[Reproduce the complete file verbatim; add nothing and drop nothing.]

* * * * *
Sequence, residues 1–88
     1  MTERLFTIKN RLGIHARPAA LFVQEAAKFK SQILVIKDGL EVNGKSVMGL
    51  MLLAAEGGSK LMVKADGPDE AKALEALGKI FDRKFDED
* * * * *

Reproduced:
Sequence, residues 1–88
     1  MTERLFTIKN RLGIHARPAA LFVQEAAKFK SQILVIKDGL EVNGKSVMGL
    51  MLLAAEGGSK LMVKADGPDE AKALEALGKI FDRKFDED